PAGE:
David Harnish, longtime manager of Walgreens’ Meetings and Media Department, has passed.
It is devastating for his wife Nancy, brother Paul, and his Walgreens co-workers of his expansive career at Wilmot Rd.
My fellow employees at Brien Lee Creative Solutions / VideoStory know how devastating this is for creative types throughout the Chicago and Milwaukee markets.
I last saw David at his retirement party in 2016. It was an amazing gathering of his fellow employees and bosses, closest suppliers, and by videotape, a procession of current and prior Walgreens CEOs.
I first met David when he and his then department head came up to Milwaukee when I was working at Visuals Plus. I had hosted a show and tell in Chicago of the then magic video box, the TVL. The TVL Director, as it was called, was a precursor to today’s big-time video graphics boards. It allowed for limited computer video editing, special effects, smooth speaker support, and timed audio-visuals shows comprised of images and a soundtrack, much like the enhanced slide shows that had preceded it.
The owner of Visuals Plus was attracted to the boss, naturally, but I figured out who the power player really was– David. He knew about technology; he seemed to understand meetings. After the boss duo had grabbed an elevator, I said to David, “I know who’s really running the show.” He smiled.
Over the course of the next few months, we hit it off, and what started as a new way to create slides became an opportunity to create a couple of “modules” for their upcoming managers meeting. Here’s the thing– David didn’t tell anyone he had contracted for this. Up until that time, he had used “rental modules” produced in multimedia widescreen slides to start and end his meetings. No one, not even the President of the company, was aware of what he was doing.
The two three-screen videos we produced were an opening Americana piece, showing how Walgreens was a coast-to-coast part of American lives, and an original rock song which featured a wide range of Walgreens people mouthing the words to the song, some in humorous situations.
They had a major impact. For one thing, they codified Walgreens’ corporate image. For another, they made the audience feel good about themselves and their role in the company.
That started a nearly 25 year partnership that bi-annually answered the question, “How do we top that?”
Every time a meeting was announced we met at the Greek Restaurant in Gurnee, Illinois to come up with a creative direction, usually based on a theme (for instance, “The Magic of Balance”) that the execs had dreamed up.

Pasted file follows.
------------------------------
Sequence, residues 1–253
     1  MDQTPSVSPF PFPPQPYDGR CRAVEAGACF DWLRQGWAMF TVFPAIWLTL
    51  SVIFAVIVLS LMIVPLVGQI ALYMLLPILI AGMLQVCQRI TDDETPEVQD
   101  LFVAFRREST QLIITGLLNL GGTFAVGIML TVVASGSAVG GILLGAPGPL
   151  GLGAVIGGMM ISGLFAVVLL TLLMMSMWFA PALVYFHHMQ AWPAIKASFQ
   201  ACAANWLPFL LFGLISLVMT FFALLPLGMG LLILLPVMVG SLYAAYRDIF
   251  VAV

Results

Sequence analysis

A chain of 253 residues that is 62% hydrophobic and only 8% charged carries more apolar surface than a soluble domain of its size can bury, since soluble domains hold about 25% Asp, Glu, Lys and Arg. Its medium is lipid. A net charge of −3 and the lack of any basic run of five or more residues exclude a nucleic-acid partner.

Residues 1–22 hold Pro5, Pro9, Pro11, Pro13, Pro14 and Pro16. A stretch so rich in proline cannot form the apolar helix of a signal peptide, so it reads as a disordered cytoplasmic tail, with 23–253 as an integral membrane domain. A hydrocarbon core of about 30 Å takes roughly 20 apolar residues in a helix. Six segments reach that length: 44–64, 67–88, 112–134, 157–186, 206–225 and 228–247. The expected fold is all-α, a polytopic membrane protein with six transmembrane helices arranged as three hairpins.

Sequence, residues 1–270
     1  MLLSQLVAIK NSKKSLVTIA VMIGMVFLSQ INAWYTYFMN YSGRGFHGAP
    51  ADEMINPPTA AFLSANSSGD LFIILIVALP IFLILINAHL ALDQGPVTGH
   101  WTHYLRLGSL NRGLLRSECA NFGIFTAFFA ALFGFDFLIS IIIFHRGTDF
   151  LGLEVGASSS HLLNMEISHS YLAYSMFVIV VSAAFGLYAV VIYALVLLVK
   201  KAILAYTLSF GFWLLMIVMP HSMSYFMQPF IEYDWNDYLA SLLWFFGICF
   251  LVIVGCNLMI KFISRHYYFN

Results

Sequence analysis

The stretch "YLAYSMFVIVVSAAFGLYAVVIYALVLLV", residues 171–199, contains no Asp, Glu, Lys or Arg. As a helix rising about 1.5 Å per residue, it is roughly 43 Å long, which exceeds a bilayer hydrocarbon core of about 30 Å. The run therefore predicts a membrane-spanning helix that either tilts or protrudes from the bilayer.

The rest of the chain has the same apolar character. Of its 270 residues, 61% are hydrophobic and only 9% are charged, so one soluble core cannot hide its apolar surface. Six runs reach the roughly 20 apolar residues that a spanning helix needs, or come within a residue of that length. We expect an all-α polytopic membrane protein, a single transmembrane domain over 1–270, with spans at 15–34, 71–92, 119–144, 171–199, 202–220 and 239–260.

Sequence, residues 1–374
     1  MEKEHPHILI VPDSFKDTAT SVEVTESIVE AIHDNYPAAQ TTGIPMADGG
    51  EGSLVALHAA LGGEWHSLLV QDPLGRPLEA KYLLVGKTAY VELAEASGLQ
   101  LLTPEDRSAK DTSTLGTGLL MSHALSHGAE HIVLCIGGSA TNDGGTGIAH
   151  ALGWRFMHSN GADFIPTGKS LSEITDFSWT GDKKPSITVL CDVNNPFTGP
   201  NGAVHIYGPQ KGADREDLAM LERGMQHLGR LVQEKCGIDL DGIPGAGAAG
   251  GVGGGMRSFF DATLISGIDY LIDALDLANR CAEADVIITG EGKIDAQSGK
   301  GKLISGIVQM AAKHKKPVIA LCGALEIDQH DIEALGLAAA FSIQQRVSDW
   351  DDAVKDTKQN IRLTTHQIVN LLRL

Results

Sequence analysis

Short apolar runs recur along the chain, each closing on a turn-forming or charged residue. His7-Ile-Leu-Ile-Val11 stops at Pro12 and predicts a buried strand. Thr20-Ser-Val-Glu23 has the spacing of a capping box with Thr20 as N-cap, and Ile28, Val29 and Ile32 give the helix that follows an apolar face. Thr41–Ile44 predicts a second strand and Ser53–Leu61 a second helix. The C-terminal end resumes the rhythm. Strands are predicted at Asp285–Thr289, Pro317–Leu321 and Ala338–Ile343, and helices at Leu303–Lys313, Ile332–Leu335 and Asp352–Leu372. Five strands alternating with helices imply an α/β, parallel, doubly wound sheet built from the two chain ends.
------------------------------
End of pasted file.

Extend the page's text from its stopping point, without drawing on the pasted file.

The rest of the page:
And everytime, there was technological and creative growth.
The other part of David’s impact on me personally came after Visuals Plus closed its doors suddenly in 1994. When 1995 arrived, I was working for TVL as a Marketing Director. It was a home office job, and by this time others at Visuals Plus had started their own companies. But I felt the rug had been pulled out from under me, and didn’t take any creative job offers that had come my way. In fact, I convinced TVL to rent an inexpensive office in Milwaukee so I could do Demos.
Then I got a call from David. “I have a meeting coming up.” We jointly decided it would be advantageous to bring the gang together once again. I started a new business, which David named “Brien Lee Creative Solutions” and we picked up where we left off, now fully into video meetings. Our best work was yet to come, including a mixed media stage show celebrating Walgreens’ 100th Anniversary. (I love anniversary shows).
David was always the guy Walgreens came to for communications advances. We partnered on many of these, like interactive DVD’s, starting up the in-house video network, e-learning systems, video compression for the network, non-linear video editing and more.
I was especially proud when David’s boss, Jim Schultz, invited my small company to attend David’s 25th anniversary party at Walgreens. It had incredible meaning for my staff and I.
In 2011, David was asked to do a timelapse video of the buildout of a new Duane Reade store at the Trump Building near Wall Street in New York. This was so successful, it lead to two more “time lapse stories” for store new stores in San Francisco and the “Net Zero Energy” store in Evanston, Illinois.
This brought us to 2014.
Those who knew him know what a talented, sweet guy he was. I know he worried about everything, partially because of his drive to be more creative, a better boss, a better husband and friend, and the best “Keeper of the Flame” Walgreens will ever see. The only words I could think of when I learned of his passing was “HE WAS A GIANT.” My condolences to Nancy, Paul, and all his friends and cohorts– we all are better for have knowing David.
I am attaching below two things: David’s 50th Birthday video, and a write-up I did in 2007 recalling most of the work we had done together until that point. Both bring back memories of David driving through empty ballrooms in his golf-cart. You’ll find both below.harnishproductionsorigpdf